The ‘12 NASCAR season kicks off this weekend in Daytona with the sport “once again charting an upward trajectory on and off the racetrack,” according to Sam Mamudi of MARKETWATCH. Last year was a “bounce-back year for NASCAR, with new sponsorship deals, a reverse in falling television ratings and the closest championship finish in its history.” As the new season gets underway, the “sport is looking to build on the momentum.” NASCAR is in the “first year of a five-year plan aimed at attracting and keeping fans, a plan that will see new cars that will more closely resemble road cars, an in-house digital media operation and greater focus on the drivers” (MARKETWATCH.com, 2/24). NASCAR Chair & CEO Brian France said, "We have a lot of momentum going into 2012.” He added the sport is “always hit harder" in an economic downturn, but "the future looks bright for us.” France: "Our attendance is on the up rise and there's more demand right now across the board for tickets" (FINANCE.YAHOO.com, 2/22). FORBES.com’s Kurt Badenhausen noted after a “multiyear slide that saw big sponsors and fans abandoning the sport, TV ratings for the season increased 10%, attendance at the tracks stabilized and 18 different drivers found the winner’s circle in 2011, one shy of the record.” Hendrick Motorsports President Marshall Carlson: “I’m as optimistic about the business side of this sport as I’ve been in five years” (FORBES.com, 2/22). Texas Motor Speedway President Eddie Gossage “believes NASCAR is in its redemption phase.” Gossage: “I don’t think we did anything wrong as a sport. But we’re in that redemption process again.” He added, “There’s a whole different attitude down here this year than there was two or three years ago. You can just feel it” (FLORIDA TODAY, 2/24).
SURVEY SAYS...: In N.Y., Ken Belson notes NASCAR “interviewed nearly 40 of its executives and 151 industry stakeholders, including drivers, race teams and sponsors” to review how the sport “communicates with fans new and old.” More than “1,000 casual and avid fans completed online surveys,” and news media coverage of NASCAR during the past decade “was analyzed to see how it could be improved.” NASCAR Senior VP & CMO Steve Phelps said, “The media landscape has changed so much and we were slow to change to it.” After spending “more than $5 million on the research, NASCAR spent millions more buying back its digital rights in 2013 from Turner, which had paid NASCAR a fee to run its Web site.” NASCAR also hired “nine new staff members, in part to help market to Hispanic, urban and young fans.” Drivers were also “encouraged to use Twitter and Facebook to communicate.” Phelps “commissioned an ethnographic study that gauged how fans navigate racetracks” to attract new fans (N.Y. TIMES, 2/24).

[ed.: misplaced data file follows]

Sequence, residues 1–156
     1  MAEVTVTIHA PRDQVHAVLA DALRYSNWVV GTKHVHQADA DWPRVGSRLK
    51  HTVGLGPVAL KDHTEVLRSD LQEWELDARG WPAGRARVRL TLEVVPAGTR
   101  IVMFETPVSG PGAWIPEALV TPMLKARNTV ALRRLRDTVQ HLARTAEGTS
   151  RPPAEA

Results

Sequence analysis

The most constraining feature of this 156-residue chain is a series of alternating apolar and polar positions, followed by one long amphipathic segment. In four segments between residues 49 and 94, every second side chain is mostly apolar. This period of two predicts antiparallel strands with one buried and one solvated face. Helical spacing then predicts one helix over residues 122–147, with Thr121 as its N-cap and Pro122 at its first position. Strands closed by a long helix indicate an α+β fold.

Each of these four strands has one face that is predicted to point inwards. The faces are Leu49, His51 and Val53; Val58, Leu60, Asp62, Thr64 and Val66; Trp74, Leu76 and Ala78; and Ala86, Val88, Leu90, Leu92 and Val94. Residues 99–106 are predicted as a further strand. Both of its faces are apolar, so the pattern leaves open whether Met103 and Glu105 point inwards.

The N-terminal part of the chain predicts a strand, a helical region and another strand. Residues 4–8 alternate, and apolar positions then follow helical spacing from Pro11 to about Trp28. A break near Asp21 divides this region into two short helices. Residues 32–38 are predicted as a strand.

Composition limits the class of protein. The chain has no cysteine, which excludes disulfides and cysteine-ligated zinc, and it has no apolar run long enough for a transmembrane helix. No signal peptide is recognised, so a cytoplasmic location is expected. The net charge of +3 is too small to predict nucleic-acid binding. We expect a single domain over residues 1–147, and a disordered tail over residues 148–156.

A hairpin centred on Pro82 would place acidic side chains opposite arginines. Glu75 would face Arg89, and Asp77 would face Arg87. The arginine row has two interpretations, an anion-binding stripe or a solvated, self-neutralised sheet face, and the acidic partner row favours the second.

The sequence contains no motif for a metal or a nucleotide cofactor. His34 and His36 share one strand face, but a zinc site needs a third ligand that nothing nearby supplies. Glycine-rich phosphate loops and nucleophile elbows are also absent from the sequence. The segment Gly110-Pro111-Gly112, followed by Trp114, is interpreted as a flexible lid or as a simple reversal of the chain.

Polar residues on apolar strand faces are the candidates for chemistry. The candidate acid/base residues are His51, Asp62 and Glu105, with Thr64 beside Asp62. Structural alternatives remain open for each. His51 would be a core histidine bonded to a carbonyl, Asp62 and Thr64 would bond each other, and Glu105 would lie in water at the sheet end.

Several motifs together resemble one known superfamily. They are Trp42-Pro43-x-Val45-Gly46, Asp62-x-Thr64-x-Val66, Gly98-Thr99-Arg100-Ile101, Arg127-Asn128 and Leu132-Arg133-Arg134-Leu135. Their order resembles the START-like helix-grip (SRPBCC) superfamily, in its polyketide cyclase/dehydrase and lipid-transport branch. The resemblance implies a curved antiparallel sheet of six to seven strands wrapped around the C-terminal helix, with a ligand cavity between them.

CHANGING OF THE GUARD? SI’s Jeffery Salter writes Kasey Kahne, Carl Edwards and Kyle Busch are poised to “dominate the sports in the coming years the way” Tony Stewart and Jimmie Johnson have “for much of the last decade.” Fox’ Darrell Waltrip said, “A changing of the guard in NASCAR is coming. Historically when the establishment gets firmly established in NASCAR, they’ll look in their rearview mirror and see a bunch of younger guys coming fast. We’re at that transition point right now” (SI, 2/27 issue). YAHOO SPORTS’ Jay Hart wrote to say Dale Earnhardt Jr. “winning, even once, would benefit NASCAR and everything involved with it -- TV ratings, ticket sales, Internet clicks, etc. -- would be to beat a dead horse that’s been beaten and dead for a few years.” His popularity “hasn’t waned much, which is a credit to him,” but it remains a “small consolation when the business at hand is winning races, something he hasn’t done in more than 1,300 days and counting.” Earnhardt Jr. on Wednesday said, “I just want to win -- anywhere. I just want to go ahead and get that done so I can think about the next one and get this streak over with” (SPORTS.YAHOO.com, 2/22).